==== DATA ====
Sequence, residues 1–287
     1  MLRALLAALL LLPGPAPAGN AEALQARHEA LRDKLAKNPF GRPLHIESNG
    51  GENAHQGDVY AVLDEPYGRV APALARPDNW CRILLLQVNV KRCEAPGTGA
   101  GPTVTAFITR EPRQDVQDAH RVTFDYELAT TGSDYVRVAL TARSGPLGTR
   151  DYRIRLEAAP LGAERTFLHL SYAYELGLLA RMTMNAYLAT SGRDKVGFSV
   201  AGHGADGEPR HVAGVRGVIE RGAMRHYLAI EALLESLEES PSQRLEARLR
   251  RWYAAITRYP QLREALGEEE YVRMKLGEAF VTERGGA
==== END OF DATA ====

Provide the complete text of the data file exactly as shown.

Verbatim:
Sequence, residues 1–287
     1  MLRALLAALL LLPGPAPAGN AEALQARHEA LRDKLAKNPF GRPLHIESNG
    51  GENAHQGDVY AVLDEPYGRV APALARPDNW CRILLLQVNV KRCEAPGTGA
   101  GPTVTAFITR EPRQDVQDAH RVTFDYELAT TGSDYVRVAL TARSGPLGTR
   151  DYRIRLEAAP LGAERTFLHL SYAYELGLLA RMTMNAYLAT SGRDKVGFSV
   201  AGHGADGEPR HVAGVRGVIE RGAMRHYLAI EALLESLEES PSQRLEARLR
   251  RWYAAITRYP QLREALGEEE YVRMKLGEAF VTERGGA